Online DriesV

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Regarding GPUs...

KeyShot 9 will in fact introduce raytracing on the GPU. Our implementation is based on NVIDIA's OptiX API and will thus require a NVIDIA GPU to run.
Any GPU from the Maxwell generation (e.g. GTX 980) and newer can be used. Using the newer Turing cards with RTX technology, significant speedups can be achieved, since we also leverage the RT (raytracing) cores on those cards.

Dries

Offline Nils Piirma

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Regarding GPUs...

KeyShot 9 will in fact introduce raytracing on the GPU. Our implementation is based on NVIDIA's OptiX API and will thus require a NVIDIA GPU to run.
Any GPU from the Maxwell generation (e.g. GTX 980) and newer can be used. Using the newer Turing cards with RTX technology, significant speedups can be achieved, since we also leverage the RT (raytracing) cores on those cards.

Dries


Thats good to know, last time I spoke with Niels there weren't any plans to support it, but now I stand corrected.

Offline LM6

Regarding GPUs...

KeyShot 9 will in fact introduce raytracing on the GPU. Our implementation is based on NVIDIA's OptiX API and will thus require a NVIDIA GPU to run.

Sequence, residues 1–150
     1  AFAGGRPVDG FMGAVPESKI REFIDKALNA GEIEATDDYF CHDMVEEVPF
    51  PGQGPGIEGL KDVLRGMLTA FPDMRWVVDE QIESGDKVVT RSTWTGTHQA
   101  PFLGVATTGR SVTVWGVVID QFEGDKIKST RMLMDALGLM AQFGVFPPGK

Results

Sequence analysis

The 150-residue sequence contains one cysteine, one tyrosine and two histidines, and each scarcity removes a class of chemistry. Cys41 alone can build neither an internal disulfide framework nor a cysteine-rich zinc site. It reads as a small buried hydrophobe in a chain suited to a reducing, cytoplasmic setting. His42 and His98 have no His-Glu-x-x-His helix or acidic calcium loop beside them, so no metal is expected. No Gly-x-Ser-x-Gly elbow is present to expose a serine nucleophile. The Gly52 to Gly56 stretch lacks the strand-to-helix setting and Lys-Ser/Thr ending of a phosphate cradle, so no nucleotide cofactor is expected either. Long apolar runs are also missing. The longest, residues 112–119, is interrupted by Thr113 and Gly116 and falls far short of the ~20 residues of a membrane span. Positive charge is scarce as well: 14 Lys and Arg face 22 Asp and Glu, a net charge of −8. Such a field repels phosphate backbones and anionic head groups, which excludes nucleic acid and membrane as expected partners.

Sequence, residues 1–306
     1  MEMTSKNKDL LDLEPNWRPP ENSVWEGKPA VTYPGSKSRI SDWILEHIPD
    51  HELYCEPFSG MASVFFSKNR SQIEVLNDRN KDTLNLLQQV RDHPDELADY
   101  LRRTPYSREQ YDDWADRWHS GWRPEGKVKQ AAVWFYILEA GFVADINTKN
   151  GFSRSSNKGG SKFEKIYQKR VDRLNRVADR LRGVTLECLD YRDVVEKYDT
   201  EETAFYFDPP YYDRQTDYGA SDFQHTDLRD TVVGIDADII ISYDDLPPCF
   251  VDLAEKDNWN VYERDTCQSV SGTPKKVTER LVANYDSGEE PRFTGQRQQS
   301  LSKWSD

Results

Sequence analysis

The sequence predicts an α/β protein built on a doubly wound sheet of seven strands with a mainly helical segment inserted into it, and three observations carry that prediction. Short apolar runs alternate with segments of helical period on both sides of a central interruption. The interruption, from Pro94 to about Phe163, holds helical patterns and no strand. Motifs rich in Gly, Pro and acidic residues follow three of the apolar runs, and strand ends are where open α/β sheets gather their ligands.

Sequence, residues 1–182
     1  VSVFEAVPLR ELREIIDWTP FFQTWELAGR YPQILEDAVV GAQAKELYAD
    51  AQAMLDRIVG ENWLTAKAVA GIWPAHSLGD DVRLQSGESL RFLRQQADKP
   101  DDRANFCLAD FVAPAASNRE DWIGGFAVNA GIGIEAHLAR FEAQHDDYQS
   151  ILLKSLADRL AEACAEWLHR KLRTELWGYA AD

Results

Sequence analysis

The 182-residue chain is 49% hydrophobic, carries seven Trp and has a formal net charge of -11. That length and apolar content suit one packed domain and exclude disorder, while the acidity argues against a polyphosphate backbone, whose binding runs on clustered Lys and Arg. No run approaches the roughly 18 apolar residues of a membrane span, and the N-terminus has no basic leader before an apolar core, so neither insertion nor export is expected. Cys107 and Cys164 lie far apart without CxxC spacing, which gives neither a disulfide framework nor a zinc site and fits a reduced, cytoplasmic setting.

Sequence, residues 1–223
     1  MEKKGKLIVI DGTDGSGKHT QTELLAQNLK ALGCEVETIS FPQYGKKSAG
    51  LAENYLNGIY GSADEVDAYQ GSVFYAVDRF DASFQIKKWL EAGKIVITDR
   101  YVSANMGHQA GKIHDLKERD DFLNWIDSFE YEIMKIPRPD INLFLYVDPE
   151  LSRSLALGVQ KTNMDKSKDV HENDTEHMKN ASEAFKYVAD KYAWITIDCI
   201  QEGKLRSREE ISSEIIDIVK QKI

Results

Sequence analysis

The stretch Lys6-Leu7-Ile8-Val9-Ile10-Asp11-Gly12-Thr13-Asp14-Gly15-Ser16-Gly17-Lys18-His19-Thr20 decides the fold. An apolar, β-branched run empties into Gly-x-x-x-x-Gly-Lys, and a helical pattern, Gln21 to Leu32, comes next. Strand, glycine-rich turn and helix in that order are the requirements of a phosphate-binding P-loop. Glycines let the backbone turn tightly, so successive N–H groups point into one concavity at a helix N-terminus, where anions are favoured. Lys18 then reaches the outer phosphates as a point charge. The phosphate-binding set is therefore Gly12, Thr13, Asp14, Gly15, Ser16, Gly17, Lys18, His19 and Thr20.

Any GPU from the Maxwell generation (e.g. GTX 980) and newer can be used. Using the newer Turing cards with RTX technology, significant speedups can be achieved, since we also leverage the RT (raytracing) cores on those cards.

Dries

Hi Dries..

Will version 9 support multiple GPU or just the one?

Cheers

Peter


Online DriesV

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Hi Peter,

Multiple GPUs are supported.
We have been testing with a couple of RTX 2080 cards in a single system and that works fine. With the Turing cards you can also leverage NVLink, for the cards that support it, to double (not exactly double, but at least significantly expand) the pool of available GPU memory.

Dries

Offline LM6

Hi Peter,

Multiple GPUs are supported.
We have been testing with a couple of RTX 2080 cards in a single system and that works fine. With the Turing cards you can also leverage NVLink, for the cards that support it, to double (not exactly double, but at least significantly expand) the pool of available GPU memory.